indecision 08: the bridge choice

Tonight a thought blossomed in my head whose seed was planted the Saturday afternoon that I saw The Dark Knight. And if you couldn’t infer it from the title, that thought is this:

This whole election is The Bridge Choice.

The Bridge Choice has a long history in comics. It starts with Spider-Man and Gwen Stacey, but TDK gave it a new spin: participatory justice. The Joker offers two very different sections of Gothamites the opportunity to eliminate one another, thereby saving their own skins. And while this may seem like a very simple (if cruel) game, it’s really about judgment, about who is worthy to live and who is worthy to choose, and how much power anyone should ever have over others. It’s about identity. It’s about belief and trust and hope. It’s about the way we perceive the world and how we think about the future.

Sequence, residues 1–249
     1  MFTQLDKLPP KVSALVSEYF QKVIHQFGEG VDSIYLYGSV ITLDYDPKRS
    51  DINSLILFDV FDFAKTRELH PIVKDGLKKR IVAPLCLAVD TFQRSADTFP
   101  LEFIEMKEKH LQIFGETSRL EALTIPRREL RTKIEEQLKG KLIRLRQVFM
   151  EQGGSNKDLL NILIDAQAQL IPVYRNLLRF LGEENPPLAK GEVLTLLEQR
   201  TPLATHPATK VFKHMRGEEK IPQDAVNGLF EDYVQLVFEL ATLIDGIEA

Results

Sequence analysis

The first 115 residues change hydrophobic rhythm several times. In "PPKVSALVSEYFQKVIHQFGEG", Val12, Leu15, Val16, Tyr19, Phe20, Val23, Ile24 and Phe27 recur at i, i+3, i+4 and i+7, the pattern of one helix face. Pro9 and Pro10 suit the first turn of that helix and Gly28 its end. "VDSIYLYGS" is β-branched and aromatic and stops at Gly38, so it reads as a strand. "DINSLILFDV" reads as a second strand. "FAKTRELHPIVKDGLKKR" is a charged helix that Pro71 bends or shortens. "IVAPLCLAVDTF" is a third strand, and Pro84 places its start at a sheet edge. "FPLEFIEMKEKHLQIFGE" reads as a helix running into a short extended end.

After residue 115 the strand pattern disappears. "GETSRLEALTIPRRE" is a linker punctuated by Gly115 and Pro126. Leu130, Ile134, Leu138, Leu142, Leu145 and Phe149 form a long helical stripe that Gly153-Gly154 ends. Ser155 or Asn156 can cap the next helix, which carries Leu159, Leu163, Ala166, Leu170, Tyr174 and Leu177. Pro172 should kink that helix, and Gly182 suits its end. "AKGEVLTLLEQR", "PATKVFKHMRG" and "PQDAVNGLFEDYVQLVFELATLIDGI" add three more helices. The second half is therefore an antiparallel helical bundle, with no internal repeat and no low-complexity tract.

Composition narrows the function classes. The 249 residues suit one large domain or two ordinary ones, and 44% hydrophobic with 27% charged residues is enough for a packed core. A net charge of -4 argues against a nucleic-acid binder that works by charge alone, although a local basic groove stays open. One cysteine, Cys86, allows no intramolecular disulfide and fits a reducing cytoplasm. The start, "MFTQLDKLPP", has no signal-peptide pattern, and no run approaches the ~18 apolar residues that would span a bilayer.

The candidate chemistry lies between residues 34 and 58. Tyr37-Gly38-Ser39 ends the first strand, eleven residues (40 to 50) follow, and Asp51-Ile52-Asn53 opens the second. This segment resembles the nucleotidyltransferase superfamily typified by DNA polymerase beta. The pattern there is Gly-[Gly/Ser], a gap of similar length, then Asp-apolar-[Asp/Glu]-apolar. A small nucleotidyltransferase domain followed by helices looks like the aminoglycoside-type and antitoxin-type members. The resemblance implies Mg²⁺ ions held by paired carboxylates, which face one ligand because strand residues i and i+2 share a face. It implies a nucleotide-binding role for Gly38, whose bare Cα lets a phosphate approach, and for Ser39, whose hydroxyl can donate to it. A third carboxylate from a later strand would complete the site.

This is how it breaks down:

Villains think that things can always get worse, that people are fundamentally selfish and scared, and that we can bank on this fact.

Heroes think that the potential for selflessness and sacrifice lies in all of us, and that when the chips are down we can rely on the ability of our fellow men and women to choose the best, not just for themselves but for their fellow human beings.

Let’s not prove Batman wrong, people.

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